The Right Way To Communicate


By Michael Bell
22/11/2009

Researchers at Yerkes National Primate Research Center (Atlanta, Georgia) have shown that in a population of 70 chimpanzees, a substantial majority of the animals showed a significant bias towards right-handed gestures when communicating.

As is well known, linguistic functions in humans are controlled by the left cerebral hemisphere, and for a long time it has seemed possible that there is some connection between this fact and the predominance of right handedness in humans (resulting equally from left-hemisphere dominance). Anatomical differences at the cellular level between left and right hemispheres have been demonstrated. Many researchers also believe that spoken language had its origins in gestural communication, so that evidence of right-handedness in pre-linguistic communication by chimpanzees is significant.

As reported in the January 2010 issue of Elsevier's Cortex, a team of researchers, supervised by Prof. William D. Hopkins of Agnes Scott College (Decatur, Georgia), studied hand-use in 70 captive chimpanzees over a period of 10 months, recording a variety of communicative gestures specific to chimpanzees. These included 'arm threat', 'extend arm' or 'hand-slap' gestures produced in different social contexts, such as attention-getting interactions, shared excitation, threat, aggression, greeting, reconciliation or invitations for grooming or for play. The gestures were directed at the human observers, as well as toward other chimpanzees.

"The degree of predominance of the right hand for gestures is one of the most pronounced we have ever found in chimpanzees in comparison to other non-communicative manual actions. We already found such manual biases in this species for pointing gestures exclusively directed to humans. These additional data clearly showed that right-handedness for gestures is not specifically associated to interactions with humans, but generalizes to intraspecific communication", notes Prof. Hopkins.

The French members of the team, Dr. Adrien Meguerditchian and Prof. Jacques Vauclair, from the Aix-Marseille University, say: "This finding provides additional support to the idea that speech evolved initially from a gestural communicative system in our ancestors. Moreover, gestural communication in apes shares some key features with human language, such as intentionality, referential properties and flexibility of learning and use".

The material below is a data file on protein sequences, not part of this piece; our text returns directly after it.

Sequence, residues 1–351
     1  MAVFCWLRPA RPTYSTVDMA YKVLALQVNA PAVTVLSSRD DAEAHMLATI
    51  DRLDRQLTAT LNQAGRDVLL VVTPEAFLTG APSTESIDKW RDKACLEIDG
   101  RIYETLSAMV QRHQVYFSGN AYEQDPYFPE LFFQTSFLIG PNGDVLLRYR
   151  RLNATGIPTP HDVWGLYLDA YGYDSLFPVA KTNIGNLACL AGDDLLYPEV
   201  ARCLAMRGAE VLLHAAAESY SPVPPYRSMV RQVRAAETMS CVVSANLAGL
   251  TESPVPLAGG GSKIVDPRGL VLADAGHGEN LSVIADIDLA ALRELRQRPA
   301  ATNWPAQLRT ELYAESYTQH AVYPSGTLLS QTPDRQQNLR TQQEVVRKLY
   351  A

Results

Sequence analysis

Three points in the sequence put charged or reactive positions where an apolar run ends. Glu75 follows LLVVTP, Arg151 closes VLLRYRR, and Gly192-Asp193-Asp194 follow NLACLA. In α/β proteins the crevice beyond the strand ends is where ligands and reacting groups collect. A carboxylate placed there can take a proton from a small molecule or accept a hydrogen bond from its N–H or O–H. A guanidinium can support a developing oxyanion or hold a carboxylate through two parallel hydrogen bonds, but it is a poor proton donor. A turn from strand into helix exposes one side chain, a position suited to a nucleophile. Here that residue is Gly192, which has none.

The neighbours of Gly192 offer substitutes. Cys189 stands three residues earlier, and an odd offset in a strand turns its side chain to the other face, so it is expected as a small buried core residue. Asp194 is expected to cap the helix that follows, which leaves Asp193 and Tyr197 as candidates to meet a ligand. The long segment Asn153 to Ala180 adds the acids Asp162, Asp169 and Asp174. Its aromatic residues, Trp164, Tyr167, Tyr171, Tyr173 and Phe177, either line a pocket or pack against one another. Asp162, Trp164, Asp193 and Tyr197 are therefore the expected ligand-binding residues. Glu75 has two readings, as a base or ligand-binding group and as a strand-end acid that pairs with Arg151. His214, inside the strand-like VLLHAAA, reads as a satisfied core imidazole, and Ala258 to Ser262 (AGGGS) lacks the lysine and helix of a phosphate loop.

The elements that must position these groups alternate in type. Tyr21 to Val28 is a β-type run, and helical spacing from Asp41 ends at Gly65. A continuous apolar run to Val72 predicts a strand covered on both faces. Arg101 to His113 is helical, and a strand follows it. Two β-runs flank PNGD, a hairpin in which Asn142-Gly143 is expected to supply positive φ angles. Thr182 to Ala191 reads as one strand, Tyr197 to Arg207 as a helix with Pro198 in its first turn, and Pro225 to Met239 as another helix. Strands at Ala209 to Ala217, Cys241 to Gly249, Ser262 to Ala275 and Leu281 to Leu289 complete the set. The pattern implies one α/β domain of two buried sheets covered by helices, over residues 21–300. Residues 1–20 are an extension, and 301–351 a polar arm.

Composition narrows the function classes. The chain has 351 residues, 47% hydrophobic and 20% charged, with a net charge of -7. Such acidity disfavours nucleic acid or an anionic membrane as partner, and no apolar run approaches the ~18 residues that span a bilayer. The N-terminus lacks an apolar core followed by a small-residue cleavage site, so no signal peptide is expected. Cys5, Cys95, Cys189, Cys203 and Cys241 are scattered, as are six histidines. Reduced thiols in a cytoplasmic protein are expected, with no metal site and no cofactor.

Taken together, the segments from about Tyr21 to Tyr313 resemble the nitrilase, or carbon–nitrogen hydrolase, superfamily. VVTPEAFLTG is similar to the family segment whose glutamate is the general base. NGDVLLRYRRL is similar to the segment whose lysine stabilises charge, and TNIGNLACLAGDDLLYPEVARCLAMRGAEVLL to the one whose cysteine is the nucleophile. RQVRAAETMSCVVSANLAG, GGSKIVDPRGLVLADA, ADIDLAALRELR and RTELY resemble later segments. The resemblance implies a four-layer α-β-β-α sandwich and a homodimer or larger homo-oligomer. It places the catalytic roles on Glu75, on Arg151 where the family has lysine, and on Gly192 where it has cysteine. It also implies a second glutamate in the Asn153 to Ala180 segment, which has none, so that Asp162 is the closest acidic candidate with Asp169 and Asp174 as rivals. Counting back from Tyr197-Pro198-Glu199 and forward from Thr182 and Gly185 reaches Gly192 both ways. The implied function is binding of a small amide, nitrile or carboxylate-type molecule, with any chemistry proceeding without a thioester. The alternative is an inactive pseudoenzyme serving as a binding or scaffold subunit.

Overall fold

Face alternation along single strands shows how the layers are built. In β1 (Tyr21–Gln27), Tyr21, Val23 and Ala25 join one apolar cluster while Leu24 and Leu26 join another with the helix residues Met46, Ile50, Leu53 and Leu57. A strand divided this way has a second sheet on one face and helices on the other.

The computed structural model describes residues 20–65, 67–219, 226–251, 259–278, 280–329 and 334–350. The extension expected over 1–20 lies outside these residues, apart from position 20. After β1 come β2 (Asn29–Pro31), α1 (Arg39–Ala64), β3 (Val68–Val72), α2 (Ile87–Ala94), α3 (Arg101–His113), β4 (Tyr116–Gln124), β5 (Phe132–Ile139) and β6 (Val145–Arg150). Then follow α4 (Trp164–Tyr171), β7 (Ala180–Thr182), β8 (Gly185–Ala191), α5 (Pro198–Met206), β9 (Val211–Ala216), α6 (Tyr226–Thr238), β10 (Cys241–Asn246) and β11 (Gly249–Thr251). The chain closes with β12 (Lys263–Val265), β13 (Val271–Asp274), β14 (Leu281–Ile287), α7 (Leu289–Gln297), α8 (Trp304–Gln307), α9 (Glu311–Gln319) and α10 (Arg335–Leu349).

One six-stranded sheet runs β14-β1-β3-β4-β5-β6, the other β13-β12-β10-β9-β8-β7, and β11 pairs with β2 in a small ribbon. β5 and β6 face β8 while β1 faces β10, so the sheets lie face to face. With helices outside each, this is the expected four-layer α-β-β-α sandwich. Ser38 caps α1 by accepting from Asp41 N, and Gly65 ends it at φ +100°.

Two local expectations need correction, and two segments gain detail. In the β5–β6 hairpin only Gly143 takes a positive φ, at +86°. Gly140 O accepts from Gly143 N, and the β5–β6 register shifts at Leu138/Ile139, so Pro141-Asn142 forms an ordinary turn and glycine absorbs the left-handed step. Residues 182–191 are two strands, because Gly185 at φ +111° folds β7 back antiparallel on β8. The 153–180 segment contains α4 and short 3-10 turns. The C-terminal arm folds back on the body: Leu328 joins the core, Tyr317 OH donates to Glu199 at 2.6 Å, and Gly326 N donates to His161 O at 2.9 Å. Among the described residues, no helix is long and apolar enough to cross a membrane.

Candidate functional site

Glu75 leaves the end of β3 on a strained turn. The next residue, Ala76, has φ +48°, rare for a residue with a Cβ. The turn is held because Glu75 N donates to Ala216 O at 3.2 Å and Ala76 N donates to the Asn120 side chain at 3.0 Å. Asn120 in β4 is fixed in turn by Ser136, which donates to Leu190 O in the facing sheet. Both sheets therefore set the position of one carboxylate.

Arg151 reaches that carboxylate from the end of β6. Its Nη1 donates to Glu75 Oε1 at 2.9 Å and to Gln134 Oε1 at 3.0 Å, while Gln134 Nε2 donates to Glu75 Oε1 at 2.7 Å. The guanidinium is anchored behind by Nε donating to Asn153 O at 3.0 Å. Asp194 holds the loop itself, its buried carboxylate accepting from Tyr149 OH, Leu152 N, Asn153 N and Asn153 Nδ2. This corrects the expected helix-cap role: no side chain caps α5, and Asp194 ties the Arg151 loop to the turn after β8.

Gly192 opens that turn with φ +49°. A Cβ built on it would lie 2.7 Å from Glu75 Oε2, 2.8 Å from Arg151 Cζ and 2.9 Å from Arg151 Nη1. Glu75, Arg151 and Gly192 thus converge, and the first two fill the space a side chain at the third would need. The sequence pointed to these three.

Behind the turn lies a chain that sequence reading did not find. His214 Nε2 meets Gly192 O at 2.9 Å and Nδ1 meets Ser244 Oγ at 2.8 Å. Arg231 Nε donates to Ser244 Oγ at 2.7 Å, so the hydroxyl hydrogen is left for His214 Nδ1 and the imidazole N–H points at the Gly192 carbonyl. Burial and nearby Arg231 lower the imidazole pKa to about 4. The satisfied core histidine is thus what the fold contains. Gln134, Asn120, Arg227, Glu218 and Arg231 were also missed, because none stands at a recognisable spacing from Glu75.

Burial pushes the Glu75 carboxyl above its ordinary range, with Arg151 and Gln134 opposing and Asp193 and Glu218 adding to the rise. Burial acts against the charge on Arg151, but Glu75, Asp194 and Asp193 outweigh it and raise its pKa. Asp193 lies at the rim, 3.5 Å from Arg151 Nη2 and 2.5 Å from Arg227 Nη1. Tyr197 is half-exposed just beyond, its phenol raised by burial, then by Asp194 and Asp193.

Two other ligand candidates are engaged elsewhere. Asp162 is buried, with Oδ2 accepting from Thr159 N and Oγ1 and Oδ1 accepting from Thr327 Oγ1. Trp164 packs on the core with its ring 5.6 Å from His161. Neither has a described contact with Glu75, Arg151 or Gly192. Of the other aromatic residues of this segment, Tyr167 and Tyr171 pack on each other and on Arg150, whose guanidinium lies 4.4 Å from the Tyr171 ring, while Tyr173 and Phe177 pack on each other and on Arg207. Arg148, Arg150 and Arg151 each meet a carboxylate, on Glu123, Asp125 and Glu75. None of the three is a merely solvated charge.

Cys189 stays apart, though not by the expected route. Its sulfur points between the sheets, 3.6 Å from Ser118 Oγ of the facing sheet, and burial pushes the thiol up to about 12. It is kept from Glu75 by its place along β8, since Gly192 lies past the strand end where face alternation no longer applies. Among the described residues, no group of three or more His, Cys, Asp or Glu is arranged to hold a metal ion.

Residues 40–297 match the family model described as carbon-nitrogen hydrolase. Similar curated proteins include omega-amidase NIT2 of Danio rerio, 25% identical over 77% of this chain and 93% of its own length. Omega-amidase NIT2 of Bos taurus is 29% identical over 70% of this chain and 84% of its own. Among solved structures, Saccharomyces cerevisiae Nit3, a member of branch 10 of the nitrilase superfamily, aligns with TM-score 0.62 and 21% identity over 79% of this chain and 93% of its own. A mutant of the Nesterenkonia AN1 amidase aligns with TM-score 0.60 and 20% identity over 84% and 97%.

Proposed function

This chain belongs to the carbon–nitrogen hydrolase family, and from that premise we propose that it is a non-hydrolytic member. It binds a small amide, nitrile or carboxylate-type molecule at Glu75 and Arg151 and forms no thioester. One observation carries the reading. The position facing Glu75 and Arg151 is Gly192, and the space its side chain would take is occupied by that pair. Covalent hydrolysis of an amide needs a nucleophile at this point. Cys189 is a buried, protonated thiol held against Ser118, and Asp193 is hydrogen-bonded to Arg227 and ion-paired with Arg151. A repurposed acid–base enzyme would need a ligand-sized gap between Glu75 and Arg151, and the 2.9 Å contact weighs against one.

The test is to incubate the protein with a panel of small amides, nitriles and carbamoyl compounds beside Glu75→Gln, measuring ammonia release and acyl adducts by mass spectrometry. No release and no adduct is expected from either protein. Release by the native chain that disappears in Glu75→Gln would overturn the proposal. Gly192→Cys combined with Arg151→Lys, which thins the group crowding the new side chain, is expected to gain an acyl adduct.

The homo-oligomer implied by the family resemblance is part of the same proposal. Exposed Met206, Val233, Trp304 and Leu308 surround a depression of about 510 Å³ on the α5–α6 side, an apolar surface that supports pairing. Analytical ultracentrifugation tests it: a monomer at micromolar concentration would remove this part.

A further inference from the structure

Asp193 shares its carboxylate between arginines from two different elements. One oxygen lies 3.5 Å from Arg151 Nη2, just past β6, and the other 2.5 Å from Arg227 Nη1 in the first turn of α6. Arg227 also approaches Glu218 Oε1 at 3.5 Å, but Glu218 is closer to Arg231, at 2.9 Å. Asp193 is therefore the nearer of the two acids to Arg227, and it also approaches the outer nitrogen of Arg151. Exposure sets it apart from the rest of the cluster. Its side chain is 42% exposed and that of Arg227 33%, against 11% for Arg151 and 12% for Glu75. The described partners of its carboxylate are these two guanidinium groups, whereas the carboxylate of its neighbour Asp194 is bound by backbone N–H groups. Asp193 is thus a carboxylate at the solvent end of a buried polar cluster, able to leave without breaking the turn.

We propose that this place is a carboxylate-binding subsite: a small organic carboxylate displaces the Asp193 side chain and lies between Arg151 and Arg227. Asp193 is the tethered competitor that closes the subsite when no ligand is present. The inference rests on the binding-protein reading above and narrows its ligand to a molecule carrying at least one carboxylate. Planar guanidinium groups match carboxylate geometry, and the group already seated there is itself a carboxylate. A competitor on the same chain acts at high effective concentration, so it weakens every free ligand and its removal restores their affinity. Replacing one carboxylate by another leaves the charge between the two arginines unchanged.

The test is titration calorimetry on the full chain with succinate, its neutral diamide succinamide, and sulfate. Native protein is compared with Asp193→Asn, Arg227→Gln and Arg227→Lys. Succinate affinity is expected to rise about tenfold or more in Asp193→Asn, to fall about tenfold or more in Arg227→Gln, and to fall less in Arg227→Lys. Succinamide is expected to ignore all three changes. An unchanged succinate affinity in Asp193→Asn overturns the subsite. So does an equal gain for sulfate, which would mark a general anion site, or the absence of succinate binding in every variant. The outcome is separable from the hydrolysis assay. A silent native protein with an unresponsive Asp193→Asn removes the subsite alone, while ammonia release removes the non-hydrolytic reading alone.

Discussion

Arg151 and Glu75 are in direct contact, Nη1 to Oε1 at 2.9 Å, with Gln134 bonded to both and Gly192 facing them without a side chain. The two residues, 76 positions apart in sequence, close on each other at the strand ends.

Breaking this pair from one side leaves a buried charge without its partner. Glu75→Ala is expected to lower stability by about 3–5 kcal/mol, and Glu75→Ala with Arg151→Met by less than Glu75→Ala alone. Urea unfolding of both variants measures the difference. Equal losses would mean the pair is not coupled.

Hemispheric lateralization of linguistic, and presumably pre-linguistic skills is a fact, but there is no satisfactory answer to the question of why it should have evolved. It doesn't seem likely that it was to solve a capacity problem, although that remains a possible explanation. More convincing is the idea that there is an advantage to handedness. William H. Calvin, in The Throwing Madonna: Essays on the Brain, speculated that one-handed throwing could have been the crucial advance that gave early humans their survival advantage as against other apes, and that the requirement for intricate sequencing of motor actions was best fulfilled in one hemisphere and was then taken advantage of by language when it came along. But really this is just an elaboration of the capacity argument, and more convincing (but only just) is the idea that in gestural communication there is a group advantage if everyone gestures with the same hand, to avoid the need to apply a mirror transformation to the gestures you see when they are made by a left handed person, with some possible dangers of misinterpretation.

Whatever the original reasons for handedness, meaning left-brain dominance in certain functions, the fact that humans are mostly right-handed is of course just a random result. Evolution had to pick either left or right, and metaphorically it spun a coin, which happened to land right side up.



 

 

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